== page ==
A few weeks back YouTube announced it was tightening up its anti-harassment policy after years of criticism that the platform allowed what amounted to hate speech directed at marginalized groups.
The change in policy is three-pronged: One, the site will no longer allow videos to be posted that are malicious in nature and meant to insult someone’s race, religion, or sexual orientation. And while the site always prohibited direct threats, videos that imply threats will also be removed. Secondly, the site will be taking down comments that also reflect implied threats. Lastly, YouTube will be quicker to ban someone from the site for breaking the anti-harassment rules.
Will these changes help? Time will tell. In the meantime, over half of Americans say they see content or comments on YouTube that they think should be removed. Over 20% say they see it “very often,” with another 30% saying they see objectionable content “somewhat often.”
Age plays a factor here, with Gen Z and Millennials slightly over-indexing, and Boomers and older coming in at 22% less.
Gender, however, is where the first big differences emerge. Women say they “very often” see content or comments that should be removed from YouTube at a 37% higher rate than men, and they see objectionable content “somewhat often” at a 22% higher clip.
Tribalism Plays a Big Role
Like so much else in America 2020, where someone sits on the political fence informs how they feel about the issues of the day. YouTube is no exception.
Even just among Americans who say they “lean” one way or another, the differences remain stark, with left-leaning people 48% more likely than right-leaning people to say there is removable-worthy content on the platform.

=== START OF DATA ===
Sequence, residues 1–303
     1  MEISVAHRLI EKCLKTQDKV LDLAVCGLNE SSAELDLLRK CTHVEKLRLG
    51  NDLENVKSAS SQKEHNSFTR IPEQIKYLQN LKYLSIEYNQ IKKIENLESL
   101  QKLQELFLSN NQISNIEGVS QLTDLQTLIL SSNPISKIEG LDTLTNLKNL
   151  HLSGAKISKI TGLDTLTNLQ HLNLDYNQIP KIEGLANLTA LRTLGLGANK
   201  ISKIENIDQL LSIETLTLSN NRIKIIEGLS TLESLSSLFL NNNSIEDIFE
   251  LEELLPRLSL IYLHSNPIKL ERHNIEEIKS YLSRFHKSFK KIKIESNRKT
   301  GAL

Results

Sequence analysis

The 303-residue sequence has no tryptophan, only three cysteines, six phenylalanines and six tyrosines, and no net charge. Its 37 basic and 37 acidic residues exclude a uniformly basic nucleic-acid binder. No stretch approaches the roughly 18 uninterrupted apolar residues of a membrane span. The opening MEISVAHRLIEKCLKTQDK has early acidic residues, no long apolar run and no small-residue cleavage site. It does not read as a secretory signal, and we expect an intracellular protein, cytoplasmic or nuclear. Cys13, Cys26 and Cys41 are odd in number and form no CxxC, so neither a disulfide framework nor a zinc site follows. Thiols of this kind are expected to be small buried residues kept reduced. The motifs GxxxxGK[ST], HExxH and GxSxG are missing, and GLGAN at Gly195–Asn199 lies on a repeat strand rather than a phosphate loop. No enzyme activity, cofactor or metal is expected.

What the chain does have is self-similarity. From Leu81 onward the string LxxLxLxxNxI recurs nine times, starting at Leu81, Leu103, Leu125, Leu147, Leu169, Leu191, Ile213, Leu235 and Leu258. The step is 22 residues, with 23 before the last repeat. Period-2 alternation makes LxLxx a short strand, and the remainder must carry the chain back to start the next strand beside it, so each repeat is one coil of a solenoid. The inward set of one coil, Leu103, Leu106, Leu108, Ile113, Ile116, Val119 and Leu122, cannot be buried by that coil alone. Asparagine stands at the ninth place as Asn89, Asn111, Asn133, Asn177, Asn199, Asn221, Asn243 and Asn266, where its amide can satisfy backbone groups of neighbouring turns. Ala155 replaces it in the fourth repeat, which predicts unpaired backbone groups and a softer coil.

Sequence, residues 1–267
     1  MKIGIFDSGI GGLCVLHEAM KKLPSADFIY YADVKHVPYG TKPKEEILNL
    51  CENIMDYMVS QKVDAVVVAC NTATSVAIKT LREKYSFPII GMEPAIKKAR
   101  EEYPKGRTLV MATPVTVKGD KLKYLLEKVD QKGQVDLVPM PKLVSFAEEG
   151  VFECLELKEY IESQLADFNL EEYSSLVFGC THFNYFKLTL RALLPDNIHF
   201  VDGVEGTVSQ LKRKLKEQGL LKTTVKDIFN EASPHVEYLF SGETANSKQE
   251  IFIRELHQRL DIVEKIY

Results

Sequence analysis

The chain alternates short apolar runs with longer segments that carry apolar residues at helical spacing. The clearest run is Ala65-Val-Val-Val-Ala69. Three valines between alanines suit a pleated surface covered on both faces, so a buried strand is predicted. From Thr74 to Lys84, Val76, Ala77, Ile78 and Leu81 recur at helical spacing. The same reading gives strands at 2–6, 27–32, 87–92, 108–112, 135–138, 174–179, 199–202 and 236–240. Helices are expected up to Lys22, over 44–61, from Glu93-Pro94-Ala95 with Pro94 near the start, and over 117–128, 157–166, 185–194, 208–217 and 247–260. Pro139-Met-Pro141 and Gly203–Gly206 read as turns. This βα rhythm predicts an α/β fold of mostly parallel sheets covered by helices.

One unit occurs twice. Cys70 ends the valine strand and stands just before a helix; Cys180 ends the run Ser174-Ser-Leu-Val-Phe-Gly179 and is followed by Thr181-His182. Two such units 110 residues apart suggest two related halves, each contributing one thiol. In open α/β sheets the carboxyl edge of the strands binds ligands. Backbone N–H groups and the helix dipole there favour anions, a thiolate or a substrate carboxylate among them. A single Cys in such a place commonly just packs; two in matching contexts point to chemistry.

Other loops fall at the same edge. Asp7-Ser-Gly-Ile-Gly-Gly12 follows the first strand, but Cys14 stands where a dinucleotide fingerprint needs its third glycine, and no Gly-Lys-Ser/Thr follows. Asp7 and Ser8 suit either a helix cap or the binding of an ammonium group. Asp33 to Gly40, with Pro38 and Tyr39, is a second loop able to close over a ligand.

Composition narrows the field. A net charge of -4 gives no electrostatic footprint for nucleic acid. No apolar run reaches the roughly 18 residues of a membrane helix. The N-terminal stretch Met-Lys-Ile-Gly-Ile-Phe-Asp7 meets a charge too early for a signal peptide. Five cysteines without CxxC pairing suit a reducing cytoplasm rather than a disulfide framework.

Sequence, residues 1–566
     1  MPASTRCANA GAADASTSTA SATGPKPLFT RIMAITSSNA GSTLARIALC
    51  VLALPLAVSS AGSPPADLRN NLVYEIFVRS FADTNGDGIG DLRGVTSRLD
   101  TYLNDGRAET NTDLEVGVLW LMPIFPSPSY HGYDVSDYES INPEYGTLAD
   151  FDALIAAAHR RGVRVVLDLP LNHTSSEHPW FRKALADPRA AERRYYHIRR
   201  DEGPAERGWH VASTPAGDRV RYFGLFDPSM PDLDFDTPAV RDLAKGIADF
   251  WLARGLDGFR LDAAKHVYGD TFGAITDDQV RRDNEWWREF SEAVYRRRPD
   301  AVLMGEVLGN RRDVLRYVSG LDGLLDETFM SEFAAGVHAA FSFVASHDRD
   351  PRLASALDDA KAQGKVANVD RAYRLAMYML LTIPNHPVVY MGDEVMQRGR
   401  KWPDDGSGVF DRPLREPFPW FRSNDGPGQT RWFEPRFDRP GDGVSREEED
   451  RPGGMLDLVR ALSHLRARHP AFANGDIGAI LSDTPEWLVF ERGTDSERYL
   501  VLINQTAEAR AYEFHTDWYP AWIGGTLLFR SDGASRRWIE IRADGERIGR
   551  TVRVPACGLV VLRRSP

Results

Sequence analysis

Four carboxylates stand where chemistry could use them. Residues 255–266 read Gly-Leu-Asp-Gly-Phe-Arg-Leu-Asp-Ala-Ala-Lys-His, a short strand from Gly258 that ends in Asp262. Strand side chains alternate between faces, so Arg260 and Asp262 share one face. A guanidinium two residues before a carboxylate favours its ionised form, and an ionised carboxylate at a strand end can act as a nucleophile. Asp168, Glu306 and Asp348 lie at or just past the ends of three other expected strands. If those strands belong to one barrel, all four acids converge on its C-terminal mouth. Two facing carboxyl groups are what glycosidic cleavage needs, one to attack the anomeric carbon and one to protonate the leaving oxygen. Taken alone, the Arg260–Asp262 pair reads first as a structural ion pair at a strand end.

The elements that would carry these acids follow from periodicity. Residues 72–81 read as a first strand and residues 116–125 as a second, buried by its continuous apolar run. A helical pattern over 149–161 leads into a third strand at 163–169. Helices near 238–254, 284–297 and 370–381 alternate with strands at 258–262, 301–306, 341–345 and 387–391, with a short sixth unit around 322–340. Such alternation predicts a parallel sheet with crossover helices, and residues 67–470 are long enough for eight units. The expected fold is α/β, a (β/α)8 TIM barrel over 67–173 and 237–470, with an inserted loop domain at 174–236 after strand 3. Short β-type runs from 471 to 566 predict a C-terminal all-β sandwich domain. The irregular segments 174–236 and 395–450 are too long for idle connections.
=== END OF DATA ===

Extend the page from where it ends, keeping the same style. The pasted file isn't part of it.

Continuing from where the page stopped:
The more time someone spends on social media each day, the more likely they are to say they have seen malicious content on YouTube. In fact, people who say they spend 4+ hours on social media apps and sites are more likely than those who spend 2 hours or less on social media to see YouTube content they think should be removed.
In addition, Americans who say their friends and other social media contacts influence the products they buy say they see repugnant material on YouTube at a 28.5% higher rate than people who said their purchases are not influenced by their social media connections.
So do Americans think YouTube has beat back the hate? Not quite. Only 7% of Americans “strongly agree” YouTube is doing a good job policing harassment in comments, with another 25% “somewhat” agreeing.
More than a third of both conservatives and moderates said they thought YouTube was doing fairly well putting policies into effect. It was those who identified as liberal who were more likely to say the platform had room to improve.
Gender showed a marked difference, with women 14% less likely than men to think YouTube is doing a good job getting objectionable comments off the site.
It is clear that Americans have a problem with some of what they see on YouTube’s platform. Despite the recent negative attention, CivicScience data has not shown much fluctuation in usage, suggesting that even though people don’t always like what they see or read, it’s not enough to push them off the platform just yet.